Kalle Rovanperä has begun to edge closer to the leaders on Rally Finland while, in turn, Esapekka Lappi put Ott Tänak under pressure by beating him for the first time on Saturday.
Rain has been the talk of Saturday morning so far, but Patajoki proved to be relatively dry compared to what had already unfolded in the loop. The road was wet but the skies were relatively clear, offering up relatively consistent conditions for the World Rally Championship crews.
Rovanperä has been the pick of the bunch in the WRC so far, but it’s been a somewhat muted home event for him so far. But he’s beginning to make his presence known with a second stage win in succession.
He won SS7 by 1.7 seconds over Lappi, reducing his deficit to his second-placed team-mate to just 4.8s – but Lappi equally closed up to 6.8s behind rally leader Tänak too.
He seemed far more energized at the end of SS13 in contrast to his downbeat mood at the end of the previous stage following a small mistake at a junction.
“I didn’t do such a big mistake like on the last one,” Lappi said, “I was really pissed at the end of the last stage because you do all the hard work and then you miss all the benefit at the last junction. But this was a bit better.”
“We are definitely trying, so yeah let’s see,” Tänak countered. “We keep trying.”
The gap between the top three is now just 11.6s.
Evans and Rovanperä remain locked in a battle for third place, but it’s a battle that’s ebbing away from last year’s Finland winner.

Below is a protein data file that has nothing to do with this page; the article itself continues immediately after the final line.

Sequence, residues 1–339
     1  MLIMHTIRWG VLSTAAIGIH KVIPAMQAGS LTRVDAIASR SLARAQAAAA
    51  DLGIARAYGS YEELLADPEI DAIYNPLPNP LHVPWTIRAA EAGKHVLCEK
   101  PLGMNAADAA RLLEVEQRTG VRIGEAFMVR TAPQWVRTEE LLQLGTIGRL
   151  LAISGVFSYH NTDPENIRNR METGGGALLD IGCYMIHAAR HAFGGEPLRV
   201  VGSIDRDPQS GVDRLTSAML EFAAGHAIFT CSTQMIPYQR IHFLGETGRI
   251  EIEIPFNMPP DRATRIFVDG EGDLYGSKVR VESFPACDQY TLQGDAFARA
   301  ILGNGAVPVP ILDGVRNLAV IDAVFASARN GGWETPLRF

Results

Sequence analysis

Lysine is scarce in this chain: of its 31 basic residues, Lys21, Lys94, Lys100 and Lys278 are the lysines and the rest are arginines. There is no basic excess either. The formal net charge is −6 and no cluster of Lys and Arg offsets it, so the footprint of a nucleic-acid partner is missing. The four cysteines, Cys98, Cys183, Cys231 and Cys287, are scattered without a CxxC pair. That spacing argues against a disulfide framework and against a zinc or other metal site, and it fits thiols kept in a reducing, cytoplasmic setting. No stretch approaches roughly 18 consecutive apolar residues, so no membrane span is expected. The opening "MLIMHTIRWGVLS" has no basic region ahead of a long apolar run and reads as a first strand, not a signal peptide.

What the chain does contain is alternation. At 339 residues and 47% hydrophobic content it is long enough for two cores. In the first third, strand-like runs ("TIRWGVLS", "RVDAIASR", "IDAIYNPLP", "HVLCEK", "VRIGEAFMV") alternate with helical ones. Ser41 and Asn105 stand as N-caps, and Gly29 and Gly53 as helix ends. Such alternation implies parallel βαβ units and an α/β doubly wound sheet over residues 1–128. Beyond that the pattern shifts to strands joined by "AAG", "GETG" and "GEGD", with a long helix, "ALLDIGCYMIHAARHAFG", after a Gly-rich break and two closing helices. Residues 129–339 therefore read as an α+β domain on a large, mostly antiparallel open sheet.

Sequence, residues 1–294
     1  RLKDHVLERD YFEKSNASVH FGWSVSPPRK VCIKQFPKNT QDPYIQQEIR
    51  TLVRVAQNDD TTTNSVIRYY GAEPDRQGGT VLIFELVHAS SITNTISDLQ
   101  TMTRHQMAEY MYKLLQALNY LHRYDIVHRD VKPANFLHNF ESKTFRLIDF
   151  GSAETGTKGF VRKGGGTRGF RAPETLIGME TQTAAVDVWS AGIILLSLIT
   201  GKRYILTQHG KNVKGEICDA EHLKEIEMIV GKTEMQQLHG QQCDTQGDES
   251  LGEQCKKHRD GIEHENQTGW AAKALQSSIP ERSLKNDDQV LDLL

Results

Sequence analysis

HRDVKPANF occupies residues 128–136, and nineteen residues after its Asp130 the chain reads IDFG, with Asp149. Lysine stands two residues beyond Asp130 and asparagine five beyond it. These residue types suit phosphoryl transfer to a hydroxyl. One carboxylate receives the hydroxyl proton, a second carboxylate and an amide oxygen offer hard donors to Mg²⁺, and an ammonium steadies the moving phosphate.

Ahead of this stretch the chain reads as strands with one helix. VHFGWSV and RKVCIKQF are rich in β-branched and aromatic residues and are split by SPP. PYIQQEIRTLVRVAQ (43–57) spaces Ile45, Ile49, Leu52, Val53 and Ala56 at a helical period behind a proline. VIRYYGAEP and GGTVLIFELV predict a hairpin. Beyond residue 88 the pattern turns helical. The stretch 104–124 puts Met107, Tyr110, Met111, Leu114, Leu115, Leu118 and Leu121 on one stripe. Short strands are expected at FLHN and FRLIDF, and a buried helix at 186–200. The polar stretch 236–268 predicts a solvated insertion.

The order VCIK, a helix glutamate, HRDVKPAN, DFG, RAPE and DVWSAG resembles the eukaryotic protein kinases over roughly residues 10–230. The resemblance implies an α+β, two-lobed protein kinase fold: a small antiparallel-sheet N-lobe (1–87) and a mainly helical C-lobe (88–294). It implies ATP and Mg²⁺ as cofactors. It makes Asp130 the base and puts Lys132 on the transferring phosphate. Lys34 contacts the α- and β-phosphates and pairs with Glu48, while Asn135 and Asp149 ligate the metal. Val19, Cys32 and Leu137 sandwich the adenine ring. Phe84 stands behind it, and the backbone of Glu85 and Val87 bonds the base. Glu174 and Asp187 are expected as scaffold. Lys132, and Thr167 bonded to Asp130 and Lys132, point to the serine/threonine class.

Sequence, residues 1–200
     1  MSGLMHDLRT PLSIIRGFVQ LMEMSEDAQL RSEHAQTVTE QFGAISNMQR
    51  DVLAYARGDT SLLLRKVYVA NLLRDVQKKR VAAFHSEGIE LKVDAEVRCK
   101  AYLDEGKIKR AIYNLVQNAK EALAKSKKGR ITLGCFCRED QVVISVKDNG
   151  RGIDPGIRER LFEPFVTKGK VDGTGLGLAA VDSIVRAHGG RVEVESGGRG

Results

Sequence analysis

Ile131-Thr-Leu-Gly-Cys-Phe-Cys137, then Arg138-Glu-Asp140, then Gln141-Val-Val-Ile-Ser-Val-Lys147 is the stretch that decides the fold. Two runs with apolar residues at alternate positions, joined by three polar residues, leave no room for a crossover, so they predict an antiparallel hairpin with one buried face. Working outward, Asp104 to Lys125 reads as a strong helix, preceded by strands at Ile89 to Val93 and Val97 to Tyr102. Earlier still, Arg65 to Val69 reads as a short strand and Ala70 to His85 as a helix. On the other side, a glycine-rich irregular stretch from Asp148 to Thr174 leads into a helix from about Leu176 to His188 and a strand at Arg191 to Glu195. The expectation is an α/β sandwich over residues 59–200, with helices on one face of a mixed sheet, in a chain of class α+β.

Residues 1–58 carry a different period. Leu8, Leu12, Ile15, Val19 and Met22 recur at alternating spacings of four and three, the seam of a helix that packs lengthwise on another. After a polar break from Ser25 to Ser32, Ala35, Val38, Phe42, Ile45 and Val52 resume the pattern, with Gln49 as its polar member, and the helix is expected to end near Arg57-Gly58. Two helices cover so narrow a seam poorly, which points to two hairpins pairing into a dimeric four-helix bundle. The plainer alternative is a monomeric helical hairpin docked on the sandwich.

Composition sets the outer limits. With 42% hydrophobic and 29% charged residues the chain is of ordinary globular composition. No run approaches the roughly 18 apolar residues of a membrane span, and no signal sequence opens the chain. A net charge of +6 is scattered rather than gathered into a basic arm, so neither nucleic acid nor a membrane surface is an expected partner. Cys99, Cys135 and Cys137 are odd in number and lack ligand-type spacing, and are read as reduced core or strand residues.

Evans began SS13 0.7s in arrears but lost 3.2s to the championship leader, extending his deficit to 3.9s overall – despite Rovanperä feeling like it was a bad stage for him.
“Not a good stage for me. I don’t know, I just don’t like this stage so much, there’s some seconds there we could take away,” he said.
Evans felt similar though: “Just couldn’t really find the confidence needed to take that last bit. Maybe a bit too careful on some of the notes as well, just not fully on it.”
Thierry Neuville’s fifth place is looking increasingly secure as he put another 3.4seconds on Takamoto Katsuta behind him, extending his overall cushion to 3.7s.
But Neuville did well to hold onto a sideways moment that had his Hyundai sliding wide on a sweeping left-hander and dipping its rear wheels into the outside ditch.
Asked about that at stage-end, Neuville grinned: “All OK, just a bit surprised by the grip. I thought the corner was ending but actually it was continuing a bit, so I had to keep it sideways.
“Anyway we are continuing on our rhythm, it’s not a big push but we’re enjoying it more than yesterday.”
For his part, Katsuta struggled to find confidence in the conditions and was driving with an err of caution given he has never contested this loop of stages before at rally speeds.
“Next pass it should be OK,” he promised, “as now I know which corners are the bad corners and which ones are OK.”
Pierre-Louis Loubet is seventh overall ahead of M-Sport’s top hope in the manufacturers’ standings following Craig Breen’s retirement, Gus Greensmith.
Just 7.6s splits the pair of Pumas – a gap that reduced by one second on SS13 despite Greensmith feeling his driving was “pretty crap”.
“I didn’t do this one last year so I was bit careful in places,” Loubet said, “but it’s OK, it’s still long and we need to stay on the road. It’s easy to do a mistake.”
Their team-mate for the weekend, Jari Huttunen, suffered yet another setback following his fuel pressure problem on Friday afternoon.
Huttunen gave up close to a minute on SS13 as the power-steering system failed, just as it had for Adrien Fourmaux’s similar car on the previous day.